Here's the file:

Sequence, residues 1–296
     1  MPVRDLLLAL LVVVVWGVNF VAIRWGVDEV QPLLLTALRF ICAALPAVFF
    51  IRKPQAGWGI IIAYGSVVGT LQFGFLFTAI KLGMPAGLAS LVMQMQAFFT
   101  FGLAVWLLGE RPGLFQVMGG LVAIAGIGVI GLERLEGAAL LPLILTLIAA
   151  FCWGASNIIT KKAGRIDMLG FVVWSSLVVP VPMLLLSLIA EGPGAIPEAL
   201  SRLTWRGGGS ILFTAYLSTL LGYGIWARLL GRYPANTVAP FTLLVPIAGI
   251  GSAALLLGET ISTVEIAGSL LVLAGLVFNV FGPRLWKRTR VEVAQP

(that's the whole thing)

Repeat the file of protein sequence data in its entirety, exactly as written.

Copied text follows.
Sequence, residues 1–296
     1  MPVRDLLLAL LVVVVWGVNF VAIRWGVDEV QPLLLTALRF ICAALPAVFF
    51  IRKPQAGWGI IIAYGSVVGT LQFGFLFTAI KLGMPAGLAS LVMQMQAFFT
   101  FGLAVWLLGE RPGLFQVMGG LVAIAGIGVI GLERLEGAAL LPLILTLIAA
   151  FCWGASNIIT KKAGRIDMLG FVVWSSLVVP VPMLLLSLIA EGPGAIPEAL
   201  SRLTWRGGGS ILFTAYLSTL LGYGIWARLL GRYPANTVAP FTLLVPIAGI
   251  GSAALLLGET ISTVEIAGSL LVLAGLVFNV FGPRLWKRTR VEVAQP